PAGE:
Russia on Thursday rejected the findings of a chemical weapons investigation led by the United Nations that found Syrian forces had used chlorine bombs at least three times in the past two years. During a Security Council meeting, Russia called the investigators’ findings inconclusive and no basis for punitive action. The response intensified the bitter rift between Western nations and Russia over the Syria war. NY Times >>

Connecticut: Hazmat, FBI Respond to White Powder Incident at New Haven Register

A white powdery substance was discovered Oct. 26 at the New Haven Register. The substance arrived in a letter or package, though it’s not yet known if USPS or a private delivery service brought it, or where it came from. Investigations determined the substance was not toxic, and the scene was cleared. Fox61 Hartford >>

U.S., Armenia Continue Cooperation to Prevent Proliferation of Weapons of Mass Destruction

A 10-day training session, conducted by the U.S. Defense Threat Reduction Agency, offered skill sets to border security personnel on interdiction strategies to combat trafficking and was the latest part of the joint effort to improve Armenia’s abilities to counter proliferation of potentially destructive materials. Armen Press >>

‘Paranoid’ North Korea Won’t Stop Building Nuclear Weapons – US Spy Chief

Persuading “paranoid” North Korea to stop building nuclear weapons is probably a lost cause and efforts to cap its capability are the best hope, according to the US director of national intelligence. James Clapper’s comments come amid mounting concern that the North is moving closer toward having a nuclear-tipped missile that could reach the American mainland. The Guardian >>

‘Bionic’ Plants Can Detect Explosives

Scientists have transformed the humble spinach plant into a bomb detector. By embedding tiny tubes in the plants’ leaves, they can be made to pick up chemicals called nitro-aromatics, which are found in landmines and buried munitions. Real-time information can then be wirelessly relayed to a handheld device. BBC News >>

Gravel Shipment Causes French Polynesia Radiation Fears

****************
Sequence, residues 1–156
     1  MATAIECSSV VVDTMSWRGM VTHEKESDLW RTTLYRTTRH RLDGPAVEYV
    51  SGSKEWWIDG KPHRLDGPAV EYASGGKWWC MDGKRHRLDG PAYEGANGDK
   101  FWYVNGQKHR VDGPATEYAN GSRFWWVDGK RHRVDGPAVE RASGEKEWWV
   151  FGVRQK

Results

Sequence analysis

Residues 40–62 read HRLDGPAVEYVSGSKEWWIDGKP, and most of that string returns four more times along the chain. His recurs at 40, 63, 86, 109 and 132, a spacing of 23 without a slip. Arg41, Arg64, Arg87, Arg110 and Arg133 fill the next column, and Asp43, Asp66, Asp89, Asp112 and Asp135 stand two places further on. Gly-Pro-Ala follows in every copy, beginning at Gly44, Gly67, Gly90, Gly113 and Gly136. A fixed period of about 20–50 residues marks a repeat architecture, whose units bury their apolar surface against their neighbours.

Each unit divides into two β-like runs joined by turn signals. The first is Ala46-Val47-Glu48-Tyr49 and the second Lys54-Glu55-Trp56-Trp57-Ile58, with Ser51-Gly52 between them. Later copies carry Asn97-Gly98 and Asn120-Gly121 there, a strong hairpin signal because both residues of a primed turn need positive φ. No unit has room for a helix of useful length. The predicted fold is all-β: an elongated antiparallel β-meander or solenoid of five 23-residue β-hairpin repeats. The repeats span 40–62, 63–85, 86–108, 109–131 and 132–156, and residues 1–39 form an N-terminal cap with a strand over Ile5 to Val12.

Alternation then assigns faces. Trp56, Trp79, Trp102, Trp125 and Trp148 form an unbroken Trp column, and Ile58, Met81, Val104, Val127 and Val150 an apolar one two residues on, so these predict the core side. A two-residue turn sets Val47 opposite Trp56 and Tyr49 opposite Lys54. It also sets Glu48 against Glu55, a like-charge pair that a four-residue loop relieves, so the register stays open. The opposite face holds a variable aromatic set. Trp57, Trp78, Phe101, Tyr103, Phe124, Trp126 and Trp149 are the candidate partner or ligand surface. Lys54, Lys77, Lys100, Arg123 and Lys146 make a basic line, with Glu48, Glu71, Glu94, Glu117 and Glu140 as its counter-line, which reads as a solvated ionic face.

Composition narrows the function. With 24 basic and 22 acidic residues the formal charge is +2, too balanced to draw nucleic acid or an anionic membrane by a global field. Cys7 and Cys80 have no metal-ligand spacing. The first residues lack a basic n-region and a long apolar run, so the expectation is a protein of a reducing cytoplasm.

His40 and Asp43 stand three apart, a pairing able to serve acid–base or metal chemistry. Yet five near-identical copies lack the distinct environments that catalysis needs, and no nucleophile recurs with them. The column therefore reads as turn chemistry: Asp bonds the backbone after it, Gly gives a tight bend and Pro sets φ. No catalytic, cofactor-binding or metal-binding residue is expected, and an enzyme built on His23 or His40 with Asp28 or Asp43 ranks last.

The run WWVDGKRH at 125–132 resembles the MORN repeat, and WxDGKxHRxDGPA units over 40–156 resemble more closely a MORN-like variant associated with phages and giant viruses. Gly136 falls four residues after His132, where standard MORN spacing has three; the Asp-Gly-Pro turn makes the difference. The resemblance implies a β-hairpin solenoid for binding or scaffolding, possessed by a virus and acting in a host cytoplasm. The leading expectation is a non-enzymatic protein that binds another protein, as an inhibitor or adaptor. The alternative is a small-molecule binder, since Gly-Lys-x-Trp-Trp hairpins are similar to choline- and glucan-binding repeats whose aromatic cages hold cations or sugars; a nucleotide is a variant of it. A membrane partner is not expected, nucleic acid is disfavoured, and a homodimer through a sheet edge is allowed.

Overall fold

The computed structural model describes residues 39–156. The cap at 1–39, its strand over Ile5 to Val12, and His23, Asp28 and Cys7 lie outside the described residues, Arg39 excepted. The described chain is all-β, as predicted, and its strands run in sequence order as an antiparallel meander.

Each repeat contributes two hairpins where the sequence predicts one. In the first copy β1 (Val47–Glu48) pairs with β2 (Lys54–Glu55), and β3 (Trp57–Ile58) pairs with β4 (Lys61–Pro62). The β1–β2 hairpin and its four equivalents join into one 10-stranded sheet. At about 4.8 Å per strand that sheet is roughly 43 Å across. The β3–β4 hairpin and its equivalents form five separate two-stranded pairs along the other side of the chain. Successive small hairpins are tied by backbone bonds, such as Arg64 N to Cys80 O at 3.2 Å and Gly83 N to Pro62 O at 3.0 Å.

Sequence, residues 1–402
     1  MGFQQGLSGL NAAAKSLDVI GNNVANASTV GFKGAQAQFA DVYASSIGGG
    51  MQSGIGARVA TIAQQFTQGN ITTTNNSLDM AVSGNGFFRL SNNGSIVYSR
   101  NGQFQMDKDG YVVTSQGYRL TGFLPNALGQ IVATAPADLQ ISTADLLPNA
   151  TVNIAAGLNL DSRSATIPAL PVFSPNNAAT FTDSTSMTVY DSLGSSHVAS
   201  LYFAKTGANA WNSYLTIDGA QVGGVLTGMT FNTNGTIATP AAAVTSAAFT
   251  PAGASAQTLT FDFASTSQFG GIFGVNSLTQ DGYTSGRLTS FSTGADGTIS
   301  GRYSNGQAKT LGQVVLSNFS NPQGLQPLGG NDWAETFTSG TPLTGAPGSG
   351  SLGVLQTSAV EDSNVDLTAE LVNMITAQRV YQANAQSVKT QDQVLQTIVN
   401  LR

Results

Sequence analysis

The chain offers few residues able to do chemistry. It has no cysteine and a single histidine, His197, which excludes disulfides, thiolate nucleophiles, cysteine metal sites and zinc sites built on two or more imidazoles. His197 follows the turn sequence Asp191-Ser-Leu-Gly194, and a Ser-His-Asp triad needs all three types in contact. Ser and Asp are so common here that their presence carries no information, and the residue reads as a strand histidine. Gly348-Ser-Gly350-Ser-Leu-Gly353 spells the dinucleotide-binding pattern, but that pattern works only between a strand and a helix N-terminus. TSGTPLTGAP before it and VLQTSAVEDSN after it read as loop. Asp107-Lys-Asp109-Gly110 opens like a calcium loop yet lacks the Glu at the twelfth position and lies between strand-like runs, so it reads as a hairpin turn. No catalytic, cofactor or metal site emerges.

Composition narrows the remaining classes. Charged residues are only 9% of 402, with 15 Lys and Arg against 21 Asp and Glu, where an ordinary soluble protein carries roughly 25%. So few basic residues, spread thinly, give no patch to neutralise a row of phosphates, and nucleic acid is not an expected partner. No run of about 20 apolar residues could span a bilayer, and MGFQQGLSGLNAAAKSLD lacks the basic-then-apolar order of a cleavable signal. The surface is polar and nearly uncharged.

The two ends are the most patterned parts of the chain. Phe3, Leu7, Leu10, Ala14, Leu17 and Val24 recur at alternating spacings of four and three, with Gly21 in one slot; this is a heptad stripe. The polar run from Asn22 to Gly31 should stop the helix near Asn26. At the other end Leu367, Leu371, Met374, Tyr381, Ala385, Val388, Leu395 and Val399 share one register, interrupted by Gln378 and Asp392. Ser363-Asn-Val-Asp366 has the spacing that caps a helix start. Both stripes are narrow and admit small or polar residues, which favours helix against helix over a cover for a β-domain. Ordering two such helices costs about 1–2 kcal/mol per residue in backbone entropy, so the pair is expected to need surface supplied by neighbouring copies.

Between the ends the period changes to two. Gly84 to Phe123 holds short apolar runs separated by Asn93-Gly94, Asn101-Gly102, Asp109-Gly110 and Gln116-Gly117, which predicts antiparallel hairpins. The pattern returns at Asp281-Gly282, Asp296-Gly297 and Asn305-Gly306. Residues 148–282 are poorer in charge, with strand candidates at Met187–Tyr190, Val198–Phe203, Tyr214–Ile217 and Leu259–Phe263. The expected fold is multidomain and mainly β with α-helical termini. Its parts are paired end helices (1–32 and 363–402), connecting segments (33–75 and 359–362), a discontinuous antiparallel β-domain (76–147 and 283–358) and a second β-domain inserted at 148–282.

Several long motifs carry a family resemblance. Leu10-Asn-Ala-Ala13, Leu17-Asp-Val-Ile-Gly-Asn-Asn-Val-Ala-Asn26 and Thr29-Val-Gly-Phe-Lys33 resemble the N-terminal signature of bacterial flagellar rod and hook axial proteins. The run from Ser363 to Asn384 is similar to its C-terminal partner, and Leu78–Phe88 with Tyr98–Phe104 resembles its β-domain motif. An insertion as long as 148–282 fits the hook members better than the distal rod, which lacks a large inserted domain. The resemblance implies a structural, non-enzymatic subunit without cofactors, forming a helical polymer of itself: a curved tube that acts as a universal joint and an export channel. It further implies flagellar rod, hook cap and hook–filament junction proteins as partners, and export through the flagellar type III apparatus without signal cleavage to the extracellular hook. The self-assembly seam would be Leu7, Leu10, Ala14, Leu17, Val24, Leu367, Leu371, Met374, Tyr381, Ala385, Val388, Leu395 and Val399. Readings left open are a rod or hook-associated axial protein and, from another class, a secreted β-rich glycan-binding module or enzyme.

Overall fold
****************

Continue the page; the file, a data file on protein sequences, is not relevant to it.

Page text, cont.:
A shipload of gravel is causing controversy in French Polynesia amid campaigners’ concerns that it could be contaminated with plutonium from nuclear tests. The cargo has been unloaded in the port town of Rikitea, on Mangareva island, against the wishes of island leaders. It has been transported 800km (500 miles) from Hao atoll, used as a military base by France when it carried out nuclear weapons tests in the Pacific. BBC News >>

Why the CTBT Remains an Elusive Goal

The last multilateral negotiations in the field of nuclear disarmament took place more than 20 years ago, resulting in the long awaited Comprehensive Test Ban Treaty. The treaty, however, has yet to enter into force. This paper argues that the reason for the CTBT’s elusiveness is that during negotiations, some key states sought to convert the treaty into more of an instrument of non-proliferation, rather than a first step towards ending the nuclear arms race. Observer Research Foundation >>

Smaller Nuclear Weapons and Power Plants Under Development Hold Promise and Peril

From the mid-1940s to the early 1960s, the Air Force explored the idea of small-reactor-powered aircraft. During the Cold War, the U.S. developed low-yield tactical nuclear weapons like RAND Physicist Sam Cohen’s neutron bomb. Still, smaller-is-better ambitions among nuclear energy and weapons scientists remained exceptions to the norm. But, in the twenty-first century, this thinking may well be reversed. Forbes >>